A Black Lives Matter pavement mural that covered both sides of a street in Atlantic City, New Jersey, in yellow paint, obscuring yellow lane markers, will be repainted for safety reasons, the city said.
The job, which will include repaving a stretch of Martin Luther King Jr. Boulevard, will cost the city $36,000, according to reports.
The sheer amount of yellow paint on the street was confusing drivers, many of whom didn’t know where to drive on the road, according to officials. Police said the mural was so problematic that the street had to be blocked off to motorists on either end with barriers.
The words both obscured the double yellow median line and the broken white lines on the street.
Mayor Marty Small said the words will be repainted on the street, Martin Luther King Jr. Boulevard in the city’s downtown, in a way that doesn’t interfere with lane markers.
“We tried to work through the issue with the Department of Transportation,” Small said of the original paint job, according to The Press of Atlantic City. “The street was too big to make a one-way. It was an oversight on our part, and when we realized it, we fixed it. The words ‘Black Lives Matter’ will still be on the street.”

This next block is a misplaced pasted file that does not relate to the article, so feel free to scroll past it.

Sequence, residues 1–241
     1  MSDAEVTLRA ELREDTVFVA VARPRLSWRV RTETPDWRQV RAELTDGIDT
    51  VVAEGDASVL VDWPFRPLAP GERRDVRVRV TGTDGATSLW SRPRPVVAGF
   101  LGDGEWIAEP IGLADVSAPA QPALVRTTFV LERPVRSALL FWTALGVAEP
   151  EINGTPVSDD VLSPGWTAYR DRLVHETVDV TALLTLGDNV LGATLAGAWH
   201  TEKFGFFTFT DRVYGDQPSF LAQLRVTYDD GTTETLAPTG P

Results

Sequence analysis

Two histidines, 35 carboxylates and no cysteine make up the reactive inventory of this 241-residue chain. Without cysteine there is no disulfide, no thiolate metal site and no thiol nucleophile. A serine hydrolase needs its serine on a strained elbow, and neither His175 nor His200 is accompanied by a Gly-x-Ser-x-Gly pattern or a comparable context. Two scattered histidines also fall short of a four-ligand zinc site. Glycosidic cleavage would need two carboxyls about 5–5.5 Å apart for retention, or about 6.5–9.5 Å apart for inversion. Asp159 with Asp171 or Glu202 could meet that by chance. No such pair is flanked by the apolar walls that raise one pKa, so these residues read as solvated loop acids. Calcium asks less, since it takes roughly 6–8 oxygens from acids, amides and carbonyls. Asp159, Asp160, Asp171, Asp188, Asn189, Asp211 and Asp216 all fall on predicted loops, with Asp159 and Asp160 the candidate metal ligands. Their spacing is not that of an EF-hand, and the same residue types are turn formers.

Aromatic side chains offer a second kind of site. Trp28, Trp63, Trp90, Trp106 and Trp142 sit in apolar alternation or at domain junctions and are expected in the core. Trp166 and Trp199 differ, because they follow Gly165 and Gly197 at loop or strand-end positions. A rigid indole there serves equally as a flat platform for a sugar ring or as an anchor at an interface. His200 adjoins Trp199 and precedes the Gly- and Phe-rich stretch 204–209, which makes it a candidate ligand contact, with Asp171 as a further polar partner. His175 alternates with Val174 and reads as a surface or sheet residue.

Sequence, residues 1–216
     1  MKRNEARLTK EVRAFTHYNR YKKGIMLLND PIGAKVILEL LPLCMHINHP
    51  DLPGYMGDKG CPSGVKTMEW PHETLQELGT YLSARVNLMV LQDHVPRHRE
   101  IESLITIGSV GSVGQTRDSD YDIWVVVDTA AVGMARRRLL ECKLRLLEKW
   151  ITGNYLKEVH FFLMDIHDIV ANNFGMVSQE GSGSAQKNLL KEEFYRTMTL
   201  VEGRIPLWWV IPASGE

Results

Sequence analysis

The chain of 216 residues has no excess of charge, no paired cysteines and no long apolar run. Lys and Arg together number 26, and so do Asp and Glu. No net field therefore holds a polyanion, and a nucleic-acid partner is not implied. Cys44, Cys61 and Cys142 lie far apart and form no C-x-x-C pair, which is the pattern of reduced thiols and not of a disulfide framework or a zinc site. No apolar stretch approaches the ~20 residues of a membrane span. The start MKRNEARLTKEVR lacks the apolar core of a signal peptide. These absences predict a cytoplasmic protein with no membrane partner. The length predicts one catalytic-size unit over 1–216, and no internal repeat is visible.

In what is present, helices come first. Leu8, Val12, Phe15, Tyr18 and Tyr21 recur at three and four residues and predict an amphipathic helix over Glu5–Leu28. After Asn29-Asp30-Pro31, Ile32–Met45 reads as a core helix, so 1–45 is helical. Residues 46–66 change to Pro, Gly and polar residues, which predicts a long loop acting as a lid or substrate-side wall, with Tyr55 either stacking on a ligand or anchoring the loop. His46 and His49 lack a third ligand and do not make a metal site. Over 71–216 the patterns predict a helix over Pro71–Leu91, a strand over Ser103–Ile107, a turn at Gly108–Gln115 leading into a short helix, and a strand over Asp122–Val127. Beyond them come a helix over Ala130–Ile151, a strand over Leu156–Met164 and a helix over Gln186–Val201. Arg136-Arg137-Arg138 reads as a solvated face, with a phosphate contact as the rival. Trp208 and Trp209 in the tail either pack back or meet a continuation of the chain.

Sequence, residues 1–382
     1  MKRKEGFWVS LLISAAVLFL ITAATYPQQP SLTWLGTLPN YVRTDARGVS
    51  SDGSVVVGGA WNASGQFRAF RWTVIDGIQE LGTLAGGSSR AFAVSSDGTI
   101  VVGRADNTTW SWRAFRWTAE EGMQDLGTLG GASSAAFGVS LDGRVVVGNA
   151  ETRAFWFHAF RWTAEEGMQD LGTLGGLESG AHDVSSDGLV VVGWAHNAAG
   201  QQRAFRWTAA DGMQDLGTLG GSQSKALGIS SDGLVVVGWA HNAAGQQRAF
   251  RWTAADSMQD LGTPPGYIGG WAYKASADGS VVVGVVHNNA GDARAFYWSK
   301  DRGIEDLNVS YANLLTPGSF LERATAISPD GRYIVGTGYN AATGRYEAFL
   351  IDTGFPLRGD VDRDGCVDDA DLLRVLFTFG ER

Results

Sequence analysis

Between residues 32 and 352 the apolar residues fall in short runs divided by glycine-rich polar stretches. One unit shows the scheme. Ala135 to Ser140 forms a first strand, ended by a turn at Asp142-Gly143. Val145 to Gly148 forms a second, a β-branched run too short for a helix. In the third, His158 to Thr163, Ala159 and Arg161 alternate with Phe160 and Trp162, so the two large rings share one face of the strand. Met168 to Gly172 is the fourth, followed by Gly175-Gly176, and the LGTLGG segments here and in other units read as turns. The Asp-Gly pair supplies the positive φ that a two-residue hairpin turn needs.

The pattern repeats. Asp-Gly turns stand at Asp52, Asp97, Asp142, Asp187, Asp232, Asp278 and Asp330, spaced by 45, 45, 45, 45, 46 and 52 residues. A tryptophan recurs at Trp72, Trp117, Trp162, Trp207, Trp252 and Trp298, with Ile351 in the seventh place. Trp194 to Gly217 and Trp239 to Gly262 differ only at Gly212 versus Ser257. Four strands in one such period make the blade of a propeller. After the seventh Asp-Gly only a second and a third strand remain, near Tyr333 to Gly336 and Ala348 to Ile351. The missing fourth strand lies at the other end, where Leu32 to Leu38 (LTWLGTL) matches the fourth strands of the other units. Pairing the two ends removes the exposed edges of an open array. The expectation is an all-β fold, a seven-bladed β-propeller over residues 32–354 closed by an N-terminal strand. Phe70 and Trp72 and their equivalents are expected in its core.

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The mural was a compromise between Black Lives Matter activists who wanted it painted on the famous Atlantic City boardwalk and city officials who refused that idea.
On Wednesday, the City Council voted to spend $36,000 to repave the street. The road needs to be repaved because the type of paint used in the display cannot be painted over, officials said.
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Acting Police Chief James Sarkos told the council Wednesday night that the mural violated state Department of Transportation regulations.
City Council member LaToya Dunston, who voted against the measure, accused the city of wasting taxpayer dollars by painting the road without knowing the rules governing it, according to The Press of Atlantic City.
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The mural was painted last September with the help of volunteers who donated paint and stretched the words from curb to curb.
Councilman Kaleem Shabazz, an NAACP chapter president, said he hoped to have the street reopened by the summer, which he said was a concern for many of his constituents. He said he’d also be in favor of moving the mural to another street, according to the newspaper.